James Werner, who manages reactor technologies for the Space Nuclear Systems division at DOE’s Idaho National Laboratory, described the new system Sunday at the 242nd Meeting of the American Chemical Society in Denver.
Describing the new technology at the conference, Werner said: “People would never recognize the fission power system as a nuclear power reactor. The reactor itself may be about 1-1/2 feet wide by 2-1/2 feet high, about the size of a carry-on suitcase. There are no cooling towers.”
The system would provide energy for outposts or colonies on land where solar power is impractical. Unlike photovoltaic cells, a fission system could operate on the dark side of moons or the polar areas of planets, in caves or shaded craters, and in stormy and dusty conditions such as those on Mars.
Robert F. Moss for the Los Angeles Times on the role of delicious, delicious barbecue in American politics:
… Rufus Edmisten, who ran for governor of North Carolina in 1984. Late in the campaign, after eating barbecue at rallies three times a day for almost a year, he broke down at a public feed in Raleigh. “We haven’t had any of the damnable barbecue,” he proclaimed. “I’ve eaten enough barbecue. I am not going to eat any more!” The quote ran in local newspapers, and Edmisten lost by almost 200,000 votes.
Michelle Goldberg writing in the The Daily Beast about Dominionism, “a fringe fundamentalist movement … which says Christians should rule the world.” And which apparently has ties to Michelle Bachmann and Rick Perry. What.
Damn Interesting is updating again, which is neat. Here’s Alan Bellows:
Unable to restart his engine, and struggling to keep his craft from entering a near-supersonic nose dive, Rankin grasped the two emergency eject handles. He was mindful of his extreme altitude, and of the serious discomfort that would accompany the sudden decompression of an ejection; but although he lacked a pressure suit, he knew that his oxygen mask should keep him breathing in the rarefied atmosphere nine miles up. He was also wary of the ominous gray soup of a storm that lurked below; but having previously experienced a bail out amidst enemy fire in Korea, a bit of inclement weather didn’t seem all that off-putting. At approximately 6:00 pm, Lt Col Rankin concluded that his aircraft was unrecoverable and pulled hard on his eject handles. An explosive charge propelled him from the cockpit into the atmosphere with sufficient force to rip his left glove from his hand, scattering his canopy, pilot seat, and other plane-related debris into the sky. Bill Rankin had spent a fair amount of time skydiving in his career—both premeditated and otherwise—but this particular dive would be unlike any that he or any living person had experienced before.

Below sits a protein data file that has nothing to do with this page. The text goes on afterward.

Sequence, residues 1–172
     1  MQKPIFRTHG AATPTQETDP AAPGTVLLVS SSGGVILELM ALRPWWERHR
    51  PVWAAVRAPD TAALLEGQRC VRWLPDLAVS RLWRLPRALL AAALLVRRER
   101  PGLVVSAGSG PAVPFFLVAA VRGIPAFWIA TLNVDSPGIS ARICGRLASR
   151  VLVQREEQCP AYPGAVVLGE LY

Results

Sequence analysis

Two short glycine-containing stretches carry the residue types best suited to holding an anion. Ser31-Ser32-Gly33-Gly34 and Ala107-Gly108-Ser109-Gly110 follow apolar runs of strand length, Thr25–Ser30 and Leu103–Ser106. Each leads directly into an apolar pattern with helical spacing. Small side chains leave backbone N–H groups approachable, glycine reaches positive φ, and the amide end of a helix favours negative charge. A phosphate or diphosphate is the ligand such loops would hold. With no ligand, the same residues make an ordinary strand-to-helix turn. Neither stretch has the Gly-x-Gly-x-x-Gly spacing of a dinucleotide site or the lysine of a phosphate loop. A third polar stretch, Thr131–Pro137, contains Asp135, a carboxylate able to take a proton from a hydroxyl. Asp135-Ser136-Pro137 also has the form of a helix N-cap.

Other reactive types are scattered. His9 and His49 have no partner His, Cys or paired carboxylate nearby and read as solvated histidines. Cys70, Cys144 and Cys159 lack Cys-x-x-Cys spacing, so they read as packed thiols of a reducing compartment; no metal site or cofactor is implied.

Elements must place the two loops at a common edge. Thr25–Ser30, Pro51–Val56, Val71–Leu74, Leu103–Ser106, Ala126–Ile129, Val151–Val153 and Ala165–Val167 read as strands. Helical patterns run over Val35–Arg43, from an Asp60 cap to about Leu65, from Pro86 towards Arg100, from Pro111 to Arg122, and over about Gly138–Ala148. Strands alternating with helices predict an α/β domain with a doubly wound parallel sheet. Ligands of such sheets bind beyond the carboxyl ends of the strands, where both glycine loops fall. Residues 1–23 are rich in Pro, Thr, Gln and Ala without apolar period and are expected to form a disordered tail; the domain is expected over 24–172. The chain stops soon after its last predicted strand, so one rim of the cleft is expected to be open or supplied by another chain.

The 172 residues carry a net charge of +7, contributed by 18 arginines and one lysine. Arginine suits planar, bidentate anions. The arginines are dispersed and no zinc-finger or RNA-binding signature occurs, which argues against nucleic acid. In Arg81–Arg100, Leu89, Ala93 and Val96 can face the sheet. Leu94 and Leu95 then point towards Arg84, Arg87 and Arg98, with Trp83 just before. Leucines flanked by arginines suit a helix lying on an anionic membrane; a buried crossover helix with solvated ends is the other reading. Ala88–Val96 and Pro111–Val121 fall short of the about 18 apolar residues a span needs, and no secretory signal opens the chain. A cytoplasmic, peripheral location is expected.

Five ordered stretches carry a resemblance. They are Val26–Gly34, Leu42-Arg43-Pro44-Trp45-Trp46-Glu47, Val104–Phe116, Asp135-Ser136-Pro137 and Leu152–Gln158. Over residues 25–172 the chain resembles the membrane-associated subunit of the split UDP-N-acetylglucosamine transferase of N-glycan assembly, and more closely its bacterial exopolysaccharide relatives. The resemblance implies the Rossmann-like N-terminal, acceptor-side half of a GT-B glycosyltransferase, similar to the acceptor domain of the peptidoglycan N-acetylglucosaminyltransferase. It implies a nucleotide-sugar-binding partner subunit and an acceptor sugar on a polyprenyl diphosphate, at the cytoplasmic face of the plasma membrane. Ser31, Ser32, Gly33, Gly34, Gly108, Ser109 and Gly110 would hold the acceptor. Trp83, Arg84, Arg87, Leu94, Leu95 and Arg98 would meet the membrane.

Absolutely insane story of a skydive through a cumulonimbus storm.
A central California man has been arrested for possession of child pornography, thanks to a tip from burglars who robbed the man’s property, authorities said.
Last month, a juvenile and a 19-year-old illegally accessed the property of Kraig Stockard, 54, of Delhi, California, according to a statement from Deputy Tom MacKenzie of the Merced County Sheriff’s Department. They broke into Stockard’s barn and stole approximately 50 CDs they believed were blank.
Stockard filed a police report on the incident on September 12, according to MacKenzie.
But the young people who stole the CDs were in for a surprise. When they began putting the discs into their computer, they discovered that some of them contained pornographic images of children, the statement said.
Despite having obtained the CDs under decidedly shady circumstances, the pair decided to report Stockard to the police.
Solar power is pretty awesome, except for that whole thing where it only works when the sun is out.
Well, that used to be the case, but Al Goodman of CNN has news for you:
Located just outside the quaint village of Fuentes de Andalucía, Gemasolar bills itself as the world’s first commercial-scale concentrated solar power plant (CSP) that uses molten salts receiver technology.
2,650 large mirrors called heliostats direct the suns rays to a receiver at the top of Gemasolar’s 450-feet tower that shines like a beacon during the day.
The stored energy can generate electricity for 15 hours without the sun shining and according to Arias the plant can provide 19.9MW of power, enough for a town of about 100,000 people.
Gloria Steinem gave a press conference to promote the documentary Gloria: In Her Own Words. Alex Strachan, writing for Postmedia News, recounts what happened:
The first question was a fireball. The bloggers in the room may not have understood it, but it certainly got their attention. A lot of women in the room owe their positions to Steinem, the questioner said. Steinem broke down barriers for women. But looking at today’s generation, did she break down those barriers “so young women today can dress like hookers and be OK with being treated like a piece of meat, whether it’s in a music video or in social situations?” Isn’t it ironic, Steinem was asked, that what she fought so hard for has been rejected by the generation that came later?
Steinem was candid in her reply, and perhaps surprising.